26. 26. 260 100 90 80 70 60 50 40 30 20 10 10 20 30 40 50 60 70 80 90 100 Oxyhaemoglobin(%saturation) DPG pO2 (mmHg) pH Temp DPG pH Temp (Haidane effect O2 displaces CO2 from Hb) (Bohr effect CO2 pH) Figure 6.2 normal adult HbA.The curves for foetal HbF and HbSS in sickle cell disease (SCD) occupy different positions. In SCD, the dissociation curve is shifted to the right, indicating that the Hb has a lower affinity for oxygen and can therefore more easily release it to the tissues.As a result, lower levels of Hb can be well tolerated. A There is chronic haemolysis in SCD but this does not cause haemodilution; rather, it causes a rise in bilirubin and reticulocytes. B An increase in cardiac output is seen in some conditions (e.g. hyperthyroidism, Paget’s disease, and multiple myeloma) as a response to increased demands but not in SCD. C Having a ‘normal’ MCV does not preclude breathlessness. E If anything, a man this age with SCD is likely to have a restrictive lung defect due to recurrent episodes of pulmonary vaso- occlusion. Sylvester K, Patey RA, Milligan P, et al. (2004). Pulmonary function abnormalities in children with sickle cell disease. Thorax 59:67–70. http://thorax.bmj.com/cgi/content/abstract/59/1/67 80199_562121_07_cha06.indd 26080199_562121_07_cha06.indd 260 10/6/2009 5:51:10 PM10/6/2009 5:51:10 P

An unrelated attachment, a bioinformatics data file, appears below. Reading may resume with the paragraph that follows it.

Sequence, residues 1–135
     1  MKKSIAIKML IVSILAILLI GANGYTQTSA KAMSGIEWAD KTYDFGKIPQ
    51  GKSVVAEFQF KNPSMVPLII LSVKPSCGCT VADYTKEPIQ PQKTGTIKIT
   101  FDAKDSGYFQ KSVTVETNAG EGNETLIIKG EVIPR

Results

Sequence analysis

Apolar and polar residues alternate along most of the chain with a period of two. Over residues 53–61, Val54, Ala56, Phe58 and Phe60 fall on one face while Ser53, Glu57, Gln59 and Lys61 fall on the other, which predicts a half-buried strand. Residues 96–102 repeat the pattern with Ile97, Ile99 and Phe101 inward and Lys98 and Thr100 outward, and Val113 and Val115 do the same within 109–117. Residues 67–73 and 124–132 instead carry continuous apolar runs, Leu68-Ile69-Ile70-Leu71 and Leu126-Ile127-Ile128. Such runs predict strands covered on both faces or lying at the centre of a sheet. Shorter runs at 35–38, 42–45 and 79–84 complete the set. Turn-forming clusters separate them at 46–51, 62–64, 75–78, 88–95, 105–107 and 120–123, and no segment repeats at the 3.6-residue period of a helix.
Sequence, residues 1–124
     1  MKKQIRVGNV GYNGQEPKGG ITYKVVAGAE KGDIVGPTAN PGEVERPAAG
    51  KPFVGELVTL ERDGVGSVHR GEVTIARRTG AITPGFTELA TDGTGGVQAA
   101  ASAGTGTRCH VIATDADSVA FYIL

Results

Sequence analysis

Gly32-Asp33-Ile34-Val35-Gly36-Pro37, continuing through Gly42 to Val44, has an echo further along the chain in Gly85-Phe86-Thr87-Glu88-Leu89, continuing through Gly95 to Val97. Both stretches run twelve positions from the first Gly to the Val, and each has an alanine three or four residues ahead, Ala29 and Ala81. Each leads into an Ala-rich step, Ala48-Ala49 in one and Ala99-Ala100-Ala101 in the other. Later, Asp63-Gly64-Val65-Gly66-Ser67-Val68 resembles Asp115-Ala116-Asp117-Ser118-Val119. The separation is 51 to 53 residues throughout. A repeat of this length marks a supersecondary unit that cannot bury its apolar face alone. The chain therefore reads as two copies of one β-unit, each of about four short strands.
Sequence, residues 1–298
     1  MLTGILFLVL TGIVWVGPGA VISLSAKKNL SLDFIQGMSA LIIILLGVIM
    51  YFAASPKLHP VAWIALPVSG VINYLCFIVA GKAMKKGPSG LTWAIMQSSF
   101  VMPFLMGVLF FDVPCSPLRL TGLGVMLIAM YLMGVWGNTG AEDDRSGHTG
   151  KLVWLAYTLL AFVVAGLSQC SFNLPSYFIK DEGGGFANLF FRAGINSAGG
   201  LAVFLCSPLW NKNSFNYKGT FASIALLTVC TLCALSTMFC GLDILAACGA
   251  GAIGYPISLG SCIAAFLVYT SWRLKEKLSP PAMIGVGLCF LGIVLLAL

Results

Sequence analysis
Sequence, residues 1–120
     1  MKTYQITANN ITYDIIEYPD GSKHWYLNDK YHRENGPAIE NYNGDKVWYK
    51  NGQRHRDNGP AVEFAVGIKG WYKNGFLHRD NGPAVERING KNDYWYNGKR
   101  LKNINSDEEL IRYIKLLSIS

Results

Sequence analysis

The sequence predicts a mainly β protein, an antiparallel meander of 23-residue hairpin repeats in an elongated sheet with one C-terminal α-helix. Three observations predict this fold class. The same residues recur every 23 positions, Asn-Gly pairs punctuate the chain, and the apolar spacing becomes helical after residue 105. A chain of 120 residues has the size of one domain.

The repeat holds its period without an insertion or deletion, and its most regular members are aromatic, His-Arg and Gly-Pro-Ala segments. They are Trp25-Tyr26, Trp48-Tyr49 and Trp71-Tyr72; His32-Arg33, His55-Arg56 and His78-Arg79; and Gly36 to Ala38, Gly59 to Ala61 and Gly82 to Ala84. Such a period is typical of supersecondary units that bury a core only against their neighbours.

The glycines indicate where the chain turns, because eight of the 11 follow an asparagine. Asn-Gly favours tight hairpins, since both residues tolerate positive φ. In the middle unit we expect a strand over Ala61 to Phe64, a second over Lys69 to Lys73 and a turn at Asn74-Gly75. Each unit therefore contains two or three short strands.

27. 27. 261 Haematology 16.E This woman has made an advance decision to refuse a particular treatment based on some strongly held personal beliefs. When the proposed treatment is life-sustaining, the advance decision – as in this woman’s case – needs to be ‘formally’ recorded; under the new Mental Capacity Act 2005, this means that she needs to have signed it and to have been witnessed doing so by a responsible healthcare professional.This then overrides any change in the patient’s capacity or any desire for the medical team to treat her in her best interests. http://www.gmc-uk.org/guidance/ethical_guidance/consent_ guidance/advanced_care_planning.asp (Consent: Patients and Doctors Making Decisions Together.Advance Care Planning, paragraphs 57–61. General Medical Council, 2008.) 17.E OHCM 8th edn pp330–333 The registrar is referring to the possibility of an autoimmune haemolytic anaemia (AIHA) as a complication of a Mycoplasma pneumoniae infection.The test he has in mind is Coombs’ test, which would confirm the presence or absence of a direct anti-globulin reaction characteristic of AIHAs.AIHAs are mediated by auto-antibodies and are most commonly idiopathic but can occur following infections (e.g. Mycoplasma, or Epstein–Barr virus) and cause extravascular haemolysis and spherocytosis. A This is the basis of the Schilling test. It is used in megaloblastic macrocytic anaemias to determine whether a low serum vitamin B12 level is due to reduced absorption at the terminal ileum or to decreased secretion of intrinsic factor. B This describes Ham’s test for paroxysmal nocturnal haemoglobinuria (PNH) in which acidified serum activates an alternative complement pathway, which induces lysis of erythrocytes (the diagnosis of choice is now flow cytometry). PNH causes a chronic intravascular haemolysis with pancytopenia and an increased risk of thrombosis. C Methaemalbumin is formed when Hb is broken down to haematin, which then combines with albumin. It is raised in severe intravascular haemolysis. D This is a basic description of how a peripheral blood film is performed.Although it often provides useful information in cases where any of the cell lines are depleted, it is not the specific test referred to here. 80199_562121_07_cha06.indd 26180199_562121_07_cha06.indd 261 10/6/2009 5:51:11 PM10/6/2009 5:51:11 P